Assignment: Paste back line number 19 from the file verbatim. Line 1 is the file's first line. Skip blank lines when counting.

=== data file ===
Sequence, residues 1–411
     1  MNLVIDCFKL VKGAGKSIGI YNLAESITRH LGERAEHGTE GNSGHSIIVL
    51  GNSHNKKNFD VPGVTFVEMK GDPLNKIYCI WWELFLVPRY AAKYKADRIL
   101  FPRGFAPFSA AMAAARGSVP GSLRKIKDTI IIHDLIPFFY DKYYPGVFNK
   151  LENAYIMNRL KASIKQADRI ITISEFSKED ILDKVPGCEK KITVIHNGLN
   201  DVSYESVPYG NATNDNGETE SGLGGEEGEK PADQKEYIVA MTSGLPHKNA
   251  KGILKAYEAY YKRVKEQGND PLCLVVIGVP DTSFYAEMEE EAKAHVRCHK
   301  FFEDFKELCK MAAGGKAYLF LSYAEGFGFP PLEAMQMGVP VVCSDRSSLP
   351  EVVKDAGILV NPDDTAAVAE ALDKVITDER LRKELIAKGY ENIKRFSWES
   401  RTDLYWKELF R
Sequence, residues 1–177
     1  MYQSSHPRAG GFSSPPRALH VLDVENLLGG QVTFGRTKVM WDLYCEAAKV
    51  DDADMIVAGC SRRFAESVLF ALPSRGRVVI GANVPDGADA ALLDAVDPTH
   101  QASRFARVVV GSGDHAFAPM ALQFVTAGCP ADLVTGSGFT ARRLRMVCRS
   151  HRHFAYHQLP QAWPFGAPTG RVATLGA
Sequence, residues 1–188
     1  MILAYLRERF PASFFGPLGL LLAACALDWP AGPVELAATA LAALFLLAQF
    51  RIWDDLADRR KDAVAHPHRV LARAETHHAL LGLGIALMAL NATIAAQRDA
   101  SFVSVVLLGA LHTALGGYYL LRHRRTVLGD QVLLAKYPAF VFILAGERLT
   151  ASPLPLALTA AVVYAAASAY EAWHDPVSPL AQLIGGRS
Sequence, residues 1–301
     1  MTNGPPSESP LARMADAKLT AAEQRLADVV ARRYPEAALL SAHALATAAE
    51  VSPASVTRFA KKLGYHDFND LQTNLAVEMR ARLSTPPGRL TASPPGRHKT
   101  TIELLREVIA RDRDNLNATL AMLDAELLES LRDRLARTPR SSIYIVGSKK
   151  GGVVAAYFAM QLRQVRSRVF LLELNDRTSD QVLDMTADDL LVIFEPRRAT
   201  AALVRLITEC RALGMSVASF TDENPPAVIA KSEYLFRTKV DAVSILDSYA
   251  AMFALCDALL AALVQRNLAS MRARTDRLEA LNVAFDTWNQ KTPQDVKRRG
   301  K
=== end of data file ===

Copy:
   101  SFVSVVLLGA LHTALGGYYL LRHRRTVLGD QVLLAKYPAF VFILAGERLT